Sharing resources comes naturally to the Robert Crown Law Library at Stanford Law School, where more than just books and media circulate. Faculty, staff and students at the school also can borrow bikes and even a scooter from the law library’s “human-powered vehicle collection.”
PAUL LOMIO, library director and lecturer, is the curator of the collection. Started in 2006, the current collection offers bicycles named Beach Betty, Mountain Mike, Alto, Caroline (named after a library staff member who died), Dahlia and Paolo. Two more bikes are on order and are yet to be named.
“During the school year, the bikes are in almost constant circulation,” Lomio said. “Even our former dean once grabbed one to dash off to a lunch at the university president’s house.”
Since the bike fleet gets less use during the summer, Lomio noted that a visiting law professor from Arizona was able to borrow a bike for the entire summer last year, allowing him to be car-free at Stanford.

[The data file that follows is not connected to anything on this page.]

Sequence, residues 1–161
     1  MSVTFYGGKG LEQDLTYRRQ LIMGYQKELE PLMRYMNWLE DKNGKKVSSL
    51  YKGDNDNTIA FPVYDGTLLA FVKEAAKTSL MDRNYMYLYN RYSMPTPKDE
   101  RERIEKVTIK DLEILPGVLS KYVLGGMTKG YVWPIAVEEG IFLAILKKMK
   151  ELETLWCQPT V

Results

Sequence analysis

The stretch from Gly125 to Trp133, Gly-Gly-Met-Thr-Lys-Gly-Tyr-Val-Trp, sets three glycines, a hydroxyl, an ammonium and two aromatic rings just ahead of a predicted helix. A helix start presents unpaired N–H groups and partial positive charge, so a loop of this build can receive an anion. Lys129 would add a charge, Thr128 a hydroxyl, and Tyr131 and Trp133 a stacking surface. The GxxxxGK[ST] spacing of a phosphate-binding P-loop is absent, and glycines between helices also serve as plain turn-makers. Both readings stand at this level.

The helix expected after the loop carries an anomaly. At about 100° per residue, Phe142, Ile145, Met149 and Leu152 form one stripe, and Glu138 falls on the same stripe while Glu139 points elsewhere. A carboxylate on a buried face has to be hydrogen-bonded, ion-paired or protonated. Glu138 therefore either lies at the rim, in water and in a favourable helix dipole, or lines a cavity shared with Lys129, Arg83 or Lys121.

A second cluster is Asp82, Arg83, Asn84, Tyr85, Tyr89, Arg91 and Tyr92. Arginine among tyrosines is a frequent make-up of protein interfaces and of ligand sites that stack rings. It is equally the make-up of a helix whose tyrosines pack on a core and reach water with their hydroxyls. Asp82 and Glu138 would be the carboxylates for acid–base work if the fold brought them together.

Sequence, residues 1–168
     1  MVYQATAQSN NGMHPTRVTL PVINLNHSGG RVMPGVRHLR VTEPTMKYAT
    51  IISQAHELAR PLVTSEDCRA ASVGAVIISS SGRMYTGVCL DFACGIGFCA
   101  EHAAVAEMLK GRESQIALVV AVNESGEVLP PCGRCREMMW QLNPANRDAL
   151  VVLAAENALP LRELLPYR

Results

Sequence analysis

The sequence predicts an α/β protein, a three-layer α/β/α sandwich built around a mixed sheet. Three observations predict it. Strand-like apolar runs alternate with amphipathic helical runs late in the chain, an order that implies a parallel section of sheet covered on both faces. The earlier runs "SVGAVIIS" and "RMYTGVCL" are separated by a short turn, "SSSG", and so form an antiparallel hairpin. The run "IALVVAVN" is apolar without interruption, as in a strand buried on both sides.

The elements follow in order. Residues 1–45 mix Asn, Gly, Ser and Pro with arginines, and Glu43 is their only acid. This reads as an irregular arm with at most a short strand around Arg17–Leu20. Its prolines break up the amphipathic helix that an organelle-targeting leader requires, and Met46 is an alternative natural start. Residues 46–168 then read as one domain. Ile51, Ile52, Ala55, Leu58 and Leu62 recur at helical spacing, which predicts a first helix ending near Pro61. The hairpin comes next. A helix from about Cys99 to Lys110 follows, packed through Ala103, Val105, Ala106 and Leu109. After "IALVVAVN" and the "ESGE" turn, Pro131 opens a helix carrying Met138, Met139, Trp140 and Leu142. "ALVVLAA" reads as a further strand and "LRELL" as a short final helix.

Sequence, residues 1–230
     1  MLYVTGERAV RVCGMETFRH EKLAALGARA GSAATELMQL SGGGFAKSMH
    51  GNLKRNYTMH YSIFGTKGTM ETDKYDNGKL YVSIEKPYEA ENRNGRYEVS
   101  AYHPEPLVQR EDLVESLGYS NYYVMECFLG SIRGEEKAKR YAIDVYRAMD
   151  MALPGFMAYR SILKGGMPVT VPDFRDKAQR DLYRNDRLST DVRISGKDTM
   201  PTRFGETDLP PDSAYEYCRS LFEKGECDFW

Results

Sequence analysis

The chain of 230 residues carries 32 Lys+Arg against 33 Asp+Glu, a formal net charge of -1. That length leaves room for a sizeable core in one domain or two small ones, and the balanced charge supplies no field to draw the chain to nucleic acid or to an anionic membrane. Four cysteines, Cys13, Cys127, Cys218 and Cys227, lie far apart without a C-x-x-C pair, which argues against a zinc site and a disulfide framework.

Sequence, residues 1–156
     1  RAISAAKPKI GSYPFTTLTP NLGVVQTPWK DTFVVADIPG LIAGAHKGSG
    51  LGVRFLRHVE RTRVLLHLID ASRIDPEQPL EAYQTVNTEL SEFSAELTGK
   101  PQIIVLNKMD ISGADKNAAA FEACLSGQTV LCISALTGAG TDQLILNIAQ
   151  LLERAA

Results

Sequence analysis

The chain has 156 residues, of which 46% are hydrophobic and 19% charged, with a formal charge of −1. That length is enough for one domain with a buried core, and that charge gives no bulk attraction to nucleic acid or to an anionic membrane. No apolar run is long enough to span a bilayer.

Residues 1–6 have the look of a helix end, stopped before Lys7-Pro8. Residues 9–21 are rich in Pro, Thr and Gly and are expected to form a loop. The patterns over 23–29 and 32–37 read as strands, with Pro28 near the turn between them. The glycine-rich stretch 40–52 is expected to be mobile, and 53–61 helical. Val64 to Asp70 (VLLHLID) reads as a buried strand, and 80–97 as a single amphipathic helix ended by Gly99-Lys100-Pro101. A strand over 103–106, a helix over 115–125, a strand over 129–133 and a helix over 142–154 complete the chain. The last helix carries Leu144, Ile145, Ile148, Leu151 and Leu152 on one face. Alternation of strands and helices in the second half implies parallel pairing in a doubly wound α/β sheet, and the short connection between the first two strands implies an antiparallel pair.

Due to the program’s popularity, the library limits its human-powered vehicle collection to use by affiliates of the Law School. The bikes have baskets, locks and lights, and riders can borrow the program’s bike helmets and a bike pump. The library has a service contract with Campus Bike Shop for maintenance.
ARIADNE DELON SCOTT, Stanford’s bicycle program coordinator, commended the Law School library.
“We are so grateful for the support of the Law School in promoting bikes and bike safety,” Scott said. “Parking and Transportation Services partnered with Sustainable Stanford on a How to Start a Department Bike Program guide, and the Law School library covered it all with their program. We’re glad to see that they loan bike helmets and encourage riders to purchase bike helmets at a discount at the Campus Bike Shop.”
Scott hopes other university departments will be inspired by the Law School library to create their own department bicycle program and adopt a bike safety policy similar to that of Sustainability and Energy Management.
“The bikes are one of the first things a visitor sees in our library – a nice first impression,” Lomio said. “To me, it would be a better world if it just became a given that libraries circulated bicycles.”
—LISA KWIATKOWSKI, Parking & Transportation Services